"Stress research has traditionally focused more on the individual experience of stress, which is very important, but social contexts get overlooked"
Studies of stress and its effects on health have typically focused on the worries of an individual: money, love, health, work. But what about stress shared by two people in a romantic relationship?
New research by Allen LeBlanc, Health Equity Institute Professor of Sociology at San Francisco State University, studies how minority stress - which results from being stigmatized and disadvantaged in society - affects same-sex couples' stress levels and overall health. LeBlanc asserts that the health effects of minority stress shared by a couple can be understood as distinct from individual stress, a new framework in the field.
"Stress research has traditionally focused more on the individual experience of stress, which is very important, but social contexts get overlooked," LeBlanc said. "We are developing new ways of measuring stress at the couple level."
A gay man, for example, might feel individual stress if he conceals his sexual orientation from others, fearing discrimination in his workplace or rejection by his family. This situation can lead to couple-level stress if he asks that his partner hide their relationship, leading to new challenges affecting both men - and the quality of their relationship.
In an article to be published in the February issue of the Journal of Marriage and Family, LeBlanc suggests that future research must strive to better understand stressors that originate within the context of intimate relationships, and that such studies will advance the entire field of stress research.
"Relationships aren't inherently seen as problematic or challenging," LeBlanc said. "A lot of important work has been focused on what is helpful or positive about being in a relationship. There is longstanding literature, for example, demonstrating that people who are married tend to have better health than those who are not. But relationships are also a source of stress, and we can learn from that."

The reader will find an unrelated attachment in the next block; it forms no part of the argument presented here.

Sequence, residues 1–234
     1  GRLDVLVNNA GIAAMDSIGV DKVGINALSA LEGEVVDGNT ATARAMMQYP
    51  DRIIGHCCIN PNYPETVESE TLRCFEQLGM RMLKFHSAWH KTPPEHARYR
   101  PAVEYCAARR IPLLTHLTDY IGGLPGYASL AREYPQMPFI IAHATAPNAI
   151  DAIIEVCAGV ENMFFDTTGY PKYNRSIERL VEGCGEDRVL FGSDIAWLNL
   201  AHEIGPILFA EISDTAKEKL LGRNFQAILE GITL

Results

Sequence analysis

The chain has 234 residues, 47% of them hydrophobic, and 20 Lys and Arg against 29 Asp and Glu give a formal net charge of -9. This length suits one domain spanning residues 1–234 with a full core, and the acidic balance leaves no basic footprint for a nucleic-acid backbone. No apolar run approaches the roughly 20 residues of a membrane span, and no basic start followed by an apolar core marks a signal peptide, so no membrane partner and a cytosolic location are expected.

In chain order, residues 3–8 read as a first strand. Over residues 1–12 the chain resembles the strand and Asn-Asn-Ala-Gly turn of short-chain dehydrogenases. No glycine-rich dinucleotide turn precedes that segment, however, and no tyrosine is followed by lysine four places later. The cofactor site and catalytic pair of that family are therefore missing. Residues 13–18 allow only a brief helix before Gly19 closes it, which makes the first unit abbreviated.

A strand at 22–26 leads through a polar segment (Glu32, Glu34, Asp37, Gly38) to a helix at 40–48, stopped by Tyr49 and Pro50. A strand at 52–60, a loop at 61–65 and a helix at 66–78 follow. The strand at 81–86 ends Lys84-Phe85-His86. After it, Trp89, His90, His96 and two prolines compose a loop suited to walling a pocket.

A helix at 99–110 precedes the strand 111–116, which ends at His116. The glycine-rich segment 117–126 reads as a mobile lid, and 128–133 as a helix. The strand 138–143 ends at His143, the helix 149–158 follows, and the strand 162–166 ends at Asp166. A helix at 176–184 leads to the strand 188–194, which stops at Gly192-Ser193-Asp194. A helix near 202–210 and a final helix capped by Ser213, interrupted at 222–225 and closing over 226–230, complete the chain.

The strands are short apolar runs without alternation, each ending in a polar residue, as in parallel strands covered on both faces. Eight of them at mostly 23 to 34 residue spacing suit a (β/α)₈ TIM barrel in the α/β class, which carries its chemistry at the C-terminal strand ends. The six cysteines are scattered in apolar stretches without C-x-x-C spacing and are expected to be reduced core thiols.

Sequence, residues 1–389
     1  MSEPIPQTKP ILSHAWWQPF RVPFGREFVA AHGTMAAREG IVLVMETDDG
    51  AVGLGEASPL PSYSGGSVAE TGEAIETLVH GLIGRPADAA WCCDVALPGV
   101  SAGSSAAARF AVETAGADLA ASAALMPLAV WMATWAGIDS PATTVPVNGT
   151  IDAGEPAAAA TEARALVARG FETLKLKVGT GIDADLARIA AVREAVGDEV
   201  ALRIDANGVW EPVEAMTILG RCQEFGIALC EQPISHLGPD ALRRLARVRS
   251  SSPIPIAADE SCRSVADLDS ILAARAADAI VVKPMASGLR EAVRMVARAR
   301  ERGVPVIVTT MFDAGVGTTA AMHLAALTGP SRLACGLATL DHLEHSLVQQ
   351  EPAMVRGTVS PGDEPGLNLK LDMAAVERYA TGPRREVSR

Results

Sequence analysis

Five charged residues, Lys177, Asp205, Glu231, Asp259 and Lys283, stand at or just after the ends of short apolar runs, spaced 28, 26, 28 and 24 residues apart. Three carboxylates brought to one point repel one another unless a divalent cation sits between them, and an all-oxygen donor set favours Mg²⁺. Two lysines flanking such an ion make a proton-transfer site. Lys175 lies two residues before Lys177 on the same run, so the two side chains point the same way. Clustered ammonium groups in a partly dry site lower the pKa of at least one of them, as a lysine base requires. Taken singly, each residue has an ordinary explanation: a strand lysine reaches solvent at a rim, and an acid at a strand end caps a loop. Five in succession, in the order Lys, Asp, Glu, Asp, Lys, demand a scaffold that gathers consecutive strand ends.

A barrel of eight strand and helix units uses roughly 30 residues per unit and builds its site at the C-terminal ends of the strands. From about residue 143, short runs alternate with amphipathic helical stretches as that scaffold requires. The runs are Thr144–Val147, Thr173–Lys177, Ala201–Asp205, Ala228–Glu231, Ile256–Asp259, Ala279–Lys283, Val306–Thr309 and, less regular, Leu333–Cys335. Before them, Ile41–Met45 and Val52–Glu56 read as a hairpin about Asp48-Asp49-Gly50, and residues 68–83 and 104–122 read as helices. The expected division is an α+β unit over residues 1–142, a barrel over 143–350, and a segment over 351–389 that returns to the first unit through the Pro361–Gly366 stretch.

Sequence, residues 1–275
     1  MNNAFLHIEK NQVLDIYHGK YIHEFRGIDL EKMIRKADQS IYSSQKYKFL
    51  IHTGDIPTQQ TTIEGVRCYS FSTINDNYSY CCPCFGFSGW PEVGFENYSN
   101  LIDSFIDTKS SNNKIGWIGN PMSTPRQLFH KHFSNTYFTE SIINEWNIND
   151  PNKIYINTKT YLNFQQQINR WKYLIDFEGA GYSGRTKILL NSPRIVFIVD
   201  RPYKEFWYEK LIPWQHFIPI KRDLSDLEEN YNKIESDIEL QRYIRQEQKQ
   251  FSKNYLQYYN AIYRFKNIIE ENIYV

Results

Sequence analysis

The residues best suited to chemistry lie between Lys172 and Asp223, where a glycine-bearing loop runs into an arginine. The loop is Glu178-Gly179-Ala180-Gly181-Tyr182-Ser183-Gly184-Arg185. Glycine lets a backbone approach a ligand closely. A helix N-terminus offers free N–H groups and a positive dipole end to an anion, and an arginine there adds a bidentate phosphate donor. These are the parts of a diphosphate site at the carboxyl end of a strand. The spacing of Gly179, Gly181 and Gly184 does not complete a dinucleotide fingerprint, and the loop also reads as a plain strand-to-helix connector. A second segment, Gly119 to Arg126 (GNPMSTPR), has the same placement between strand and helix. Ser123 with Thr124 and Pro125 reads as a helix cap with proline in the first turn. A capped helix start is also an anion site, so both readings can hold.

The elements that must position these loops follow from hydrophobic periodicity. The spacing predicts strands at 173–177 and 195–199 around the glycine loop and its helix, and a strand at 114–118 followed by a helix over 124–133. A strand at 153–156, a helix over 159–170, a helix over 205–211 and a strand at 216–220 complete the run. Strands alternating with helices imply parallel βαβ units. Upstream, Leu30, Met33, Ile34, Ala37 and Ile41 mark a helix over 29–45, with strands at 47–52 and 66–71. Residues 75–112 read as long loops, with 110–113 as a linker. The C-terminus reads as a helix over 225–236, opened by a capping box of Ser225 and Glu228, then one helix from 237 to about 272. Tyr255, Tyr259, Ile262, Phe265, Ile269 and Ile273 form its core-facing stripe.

Using their new framework of understanding shared stress, LeBlanc and his team are currently undertaking the first study of couple-level minority stress. Hundreds of couples across the country will participate in a study designed to measure their individual and couple-level stress as distinct entities. A year later, the couples will complete a second survey, with the goal of learning how stress experiences and health change over time -- and the effects they have on a relationship. The data from this survey will allow the researchers to test their new theory of stress and health and help identify the kinds of stress that are most challenging for same-sex couples.
While LeBlanc's work focuses on minority stress among same-sex couples, he said the insights can be applied to other couples that experience minority stress, such as interracial couples, interfaith couples and couples in which one partner is significantly older than the other.
"Minority stress and stress proliferation among same-sex and other marginalized couples" was published online on Jan. 14 and will appear in the February 2015 issue of the Journal of Marriage and Family, which has a theme of innovations in method and theory. Co-authors include David M. Frost of Columbia University and Richard G. Wight of University of California, Los Angeles.
The original rainbow flag, called the Freedom Flag, was devised by Gilbert Baker in 1978. The design has undergone several revisions since its debut with 8 colored stripes, and today the most common variant consists of 6 stripes: red, orange, yellow, green, blue, and violet.
Picture of Gilbert Baker's original Freedom Flag showing the meaning of the 8 colors.